I, like most people, was a bit taken aback when I saw the lineup for the inaugural Okeechobee Music and Arts Festival (OMAF). Mumford & Sons, Skrillex and Kendrick Lamar all headlining? At first glance it seemed like a festival with an identity crisis. Most things that attempt to please everyone fall short of pleasing anyone.
Though it was only the first day, OMAF is off to a great start at proving that it is, in fact, possible to put together an extremely diverse and top-notch lineup that caters to music lovers of all types. Really though, what else would you expect from the people who put on Bonnaroo? This isn’t their first rodeo and that shined through on the logistics side of things.
Our day started with Robert Plant. I had high hopes for the former lead singer of Led Zeppelin and he managed to exceed them. Considering the man is pushing 70 and all the years of wailing, touring, groupies and drugs had inevitably taken their toll, he still managed to deliver an incredible performance. The front man lead his group Robert Plant and The Sensational Shape Shifters, mostly out of Bristol, England and all extremely talented in their own right, as they served up a set of new Shape Shifter’s jams and Led Zeppelin classics. The pinnacle of his performance was “Going To California”, which sent the crowd into a frenzy as soon as the opening melody began. While I wasn’t around to experience Led Zeppelin in their prime and Plant understandably opted for some lower notes instead of wailing and belting out the high ones, his voice was still on point.
After that we made our way to the “Now” stage to catch Lil Dicky. Now even though his subject matter is comical and he doesn’t take himself seriously, this Jewish rapper has the skill set to contend with most lyricists. Everything from his cannonball into the rap game with “Ex-Boyfriend“, which earned over a million Youtube views in less than a day to his latest release of Professional Rapper prove he’s more than capable of writing and spitting hot fire. He doesn’t mind poking fun at himself and is pretty irreverent towards the rap establishment, which always makes for an entertaining performance. He took to the stage with an MC and DJ and after leading the crowd in the “Star Spangled Banner”, launched into “How Can I Become A Bawlaa”. He then reminded me why I hope I never have a daughter by pulling a girl clad in fishnets and a black bodysuit on stage (after asking if she was 18 of course) and proceeded to grind on her during his rendition of “Lemme Freak“.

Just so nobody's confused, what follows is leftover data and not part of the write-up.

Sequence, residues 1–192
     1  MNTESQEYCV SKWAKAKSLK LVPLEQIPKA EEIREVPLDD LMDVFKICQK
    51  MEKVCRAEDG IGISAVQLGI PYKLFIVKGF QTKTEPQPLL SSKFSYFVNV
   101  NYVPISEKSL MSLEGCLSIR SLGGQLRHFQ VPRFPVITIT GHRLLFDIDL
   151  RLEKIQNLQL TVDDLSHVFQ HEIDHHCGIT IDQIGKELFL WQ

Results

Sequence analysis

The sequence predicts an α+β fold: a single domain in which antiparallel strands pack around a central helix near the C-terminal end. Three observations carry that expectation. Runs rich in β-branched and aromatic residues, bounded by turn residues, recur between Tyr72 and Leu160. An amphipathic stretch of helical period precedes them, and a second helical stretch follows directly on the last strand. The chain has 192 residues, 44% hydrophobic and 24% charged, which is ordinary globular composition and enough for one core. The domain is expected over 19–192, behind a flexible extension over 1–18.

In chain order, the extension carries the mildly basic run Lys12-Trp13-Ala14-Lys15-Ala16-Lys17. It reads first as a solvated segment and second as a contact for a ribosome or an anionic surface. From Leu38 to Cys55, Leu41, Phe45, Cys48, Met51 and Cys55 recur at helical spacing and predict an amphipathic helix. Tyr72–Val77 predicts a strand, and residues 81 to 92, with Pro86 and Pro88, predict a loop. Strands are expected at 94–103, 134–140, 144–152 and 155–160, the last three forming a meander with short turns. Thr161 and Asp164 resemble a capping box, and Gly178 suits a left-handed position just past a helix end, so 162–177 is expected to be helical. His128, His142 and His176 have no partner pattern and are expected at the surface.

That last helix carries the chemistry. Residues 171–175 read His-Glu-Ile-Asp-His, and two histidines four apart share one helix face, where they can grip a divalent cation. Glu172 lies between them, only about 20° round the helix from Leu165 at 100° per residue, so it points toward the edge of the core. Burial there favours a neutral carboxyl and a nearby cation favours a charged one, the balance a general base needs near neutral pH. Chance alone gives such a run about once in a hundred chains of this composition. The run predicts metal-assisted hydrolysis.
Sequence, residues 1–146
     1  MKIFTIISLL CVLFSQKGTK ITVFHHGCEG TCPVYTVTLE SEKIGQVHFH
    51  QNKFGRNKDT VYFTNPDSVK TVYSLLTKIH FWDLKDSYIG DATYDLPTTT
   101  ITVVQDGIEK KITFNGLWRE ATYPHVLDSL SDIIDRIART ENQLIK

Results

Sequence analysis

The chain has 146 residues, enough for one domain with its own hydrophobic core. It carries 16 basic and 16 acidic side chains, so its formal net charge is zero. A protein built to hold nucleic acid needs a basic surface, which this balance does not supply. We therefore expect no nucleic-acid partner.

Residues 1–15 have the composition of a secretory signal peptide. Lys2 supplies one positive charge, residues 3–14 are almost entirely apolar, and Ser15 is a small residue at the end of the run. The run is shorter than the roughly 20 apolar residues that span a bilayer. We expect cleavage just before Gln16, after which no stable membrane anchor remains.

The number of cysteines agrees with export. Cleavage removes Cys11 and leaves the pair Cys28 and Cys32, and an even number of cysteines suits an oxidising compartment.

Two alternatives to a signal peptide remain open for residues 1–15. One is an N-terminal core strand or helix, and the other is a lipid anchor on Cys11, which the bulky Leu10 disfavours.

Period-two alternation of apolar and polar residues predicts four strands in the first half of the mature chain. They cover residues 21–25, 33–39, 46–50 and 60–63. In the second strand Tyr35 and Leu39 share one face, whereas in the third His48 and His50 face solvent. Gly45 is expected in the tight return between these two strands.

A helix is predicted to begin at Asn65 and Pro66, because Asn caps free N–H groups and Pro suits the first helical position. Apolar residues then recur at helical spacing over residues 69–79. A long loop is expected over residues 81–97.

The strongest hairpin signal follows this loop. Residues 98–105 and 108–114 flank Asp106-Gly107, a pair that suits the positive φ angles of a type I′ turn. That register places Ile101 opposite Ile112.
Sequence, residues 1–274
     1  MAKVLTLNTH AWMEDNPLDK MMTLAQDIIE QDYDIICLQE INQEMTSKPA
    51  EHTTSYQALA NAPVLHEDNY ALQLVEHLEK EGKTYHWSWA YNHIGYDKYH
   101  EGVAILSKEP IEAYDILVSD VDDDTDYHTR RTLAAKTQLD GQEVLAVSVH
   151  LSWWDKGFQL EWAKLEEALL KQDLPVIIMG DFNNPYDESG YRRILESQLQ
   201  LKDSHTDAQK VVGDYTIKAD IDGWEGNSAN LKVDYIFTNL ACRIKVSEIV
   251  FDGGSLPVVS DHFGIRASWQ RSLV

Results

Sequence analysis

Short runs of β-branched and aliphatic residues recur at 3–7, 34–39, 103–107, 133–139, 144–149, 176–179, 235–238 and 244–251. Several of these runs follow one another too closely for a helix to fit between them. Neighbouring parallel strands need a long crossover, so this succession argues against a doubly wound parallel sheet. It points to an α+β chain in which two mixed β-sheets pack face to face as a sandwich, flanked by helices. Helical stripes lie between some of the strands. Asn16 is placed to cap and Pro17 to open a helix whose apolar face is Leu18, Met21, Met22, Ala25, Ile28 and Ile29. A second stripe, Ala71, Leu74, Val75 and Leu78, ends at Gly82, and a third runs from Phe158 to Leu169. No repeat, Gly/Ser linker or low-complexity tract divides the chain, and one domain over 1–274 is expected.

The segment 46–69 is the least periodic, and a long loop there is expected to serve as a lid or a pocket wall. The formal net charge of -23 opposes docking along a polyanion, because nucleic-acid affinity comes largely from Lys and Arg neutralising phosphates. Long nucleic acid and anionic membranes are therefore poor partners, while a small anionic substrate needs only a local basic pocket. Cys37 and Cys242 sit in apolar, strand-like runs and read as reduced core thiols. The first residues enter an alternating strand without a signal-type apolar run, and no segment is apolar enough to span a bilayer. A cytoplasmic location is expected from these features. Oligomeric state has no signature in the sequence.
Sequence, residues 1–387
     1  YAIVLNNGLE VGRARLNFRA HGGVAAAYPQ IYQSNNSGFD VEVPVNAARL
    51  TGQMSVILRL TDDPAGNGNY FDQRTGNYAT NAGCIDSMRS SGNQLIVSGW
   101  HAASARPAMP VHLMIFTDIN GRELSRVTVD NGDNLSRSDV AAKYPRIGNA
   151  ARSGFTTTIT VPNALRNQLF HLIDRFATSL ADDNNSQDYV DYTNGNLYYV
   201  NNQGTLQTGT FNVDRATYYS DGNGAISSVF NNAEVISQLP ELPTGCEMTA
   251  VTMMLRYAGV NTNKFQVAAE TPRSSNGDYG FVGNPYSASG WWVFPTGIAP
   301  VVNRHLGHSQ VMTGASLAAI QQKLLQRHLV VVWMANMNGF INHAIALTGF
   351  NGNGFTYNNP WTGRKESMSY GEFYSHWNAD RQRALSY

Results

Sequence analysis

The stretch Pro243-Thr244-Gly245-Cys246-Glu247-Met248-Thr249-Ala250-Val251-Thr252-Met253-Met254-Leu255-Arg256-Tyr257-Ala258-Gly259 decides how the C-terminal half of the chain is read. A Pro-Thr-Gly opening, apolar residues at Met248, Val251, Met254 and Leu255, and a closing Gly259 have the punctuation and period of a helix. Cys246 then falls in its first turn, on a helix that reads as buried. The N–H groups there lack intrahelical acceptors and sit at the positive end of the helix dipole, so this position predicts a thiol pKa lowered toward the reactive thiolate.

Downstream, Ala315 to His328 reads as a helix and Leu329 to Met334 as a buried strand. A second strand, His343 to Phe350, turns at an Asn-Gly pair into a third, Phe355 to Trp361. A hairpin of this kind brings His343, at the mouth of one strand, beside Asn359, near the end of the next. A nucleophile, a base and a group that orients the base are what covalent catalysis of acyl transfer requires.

Next up was Hall & Oates, who I wanted to see out of sheer curiosity and they ended stealing the show. Daryl Hall, who’s still extremely active in the music community and regularly hosts jam sessions aptly titled Live From Daryl’s House stood behind his keyboard while his magnificent mane blew in the breeze that had started to pick up. Backed by three percussionists, a bass player and a man glad in a gold sequined jacket who happened to be the most phenomenal saxophone and flute player I’ve ever heard. There was a minor issue with the sound from Hundred Waters, who was performing on the adjacent stage, bleeding into the audience of this stage, but that was remedied by moving more towards center stage.
They played all of their hits, save for a few and exited the stage before coming back for an encore which consisted of “Rich Girl” and “You Make My Dreams Come True”. I’ve never seen so many people smiling and dancing at once.
From there it was time to go and see RL Grime, an EDM producer and one of the few DJs who still mixes their sets live. After getting a few shots in the pit, I retreated to the outskirts of the crowd just to take in the sheer spectacle of what was taking place. Festival totems and signs were thrust into the air with reckless abandon as the group collectively lost it to RL Grime’s set, which included a remix of Lorde’s “Tennis Courts”, his original “Core” and his rework of The Weeknd’s “The Hills”, which has blown up, gathering over 17 million listens on Soundcloud.
Finally it was time for Bassnectar. I don’t particularly care for his music, but I was the obvious minority as he managed to pull the largest audience of the night. Thousands of people packed into the “Be” stage and began to scream as the lights dimmed. The experience of standing in the pit before the dozen subwoofers that simultaneously roared to life was surreal and I felt myself sandwiched between thousands of watts of sound and the headbanging bass heads who had staked out front row spots. Again I stepped out of the pit and back just to take in my surroundings: lights and lasers refracted off the CO2, hippies headbanged collectively and fist fulls of glow sticks were sent flying into the crowd at every drop.
We caught a bit of Portugal. The Man on our way out and called it a night, retreating back to the hotel to start sorting through the hundreds of pictures the day had given us.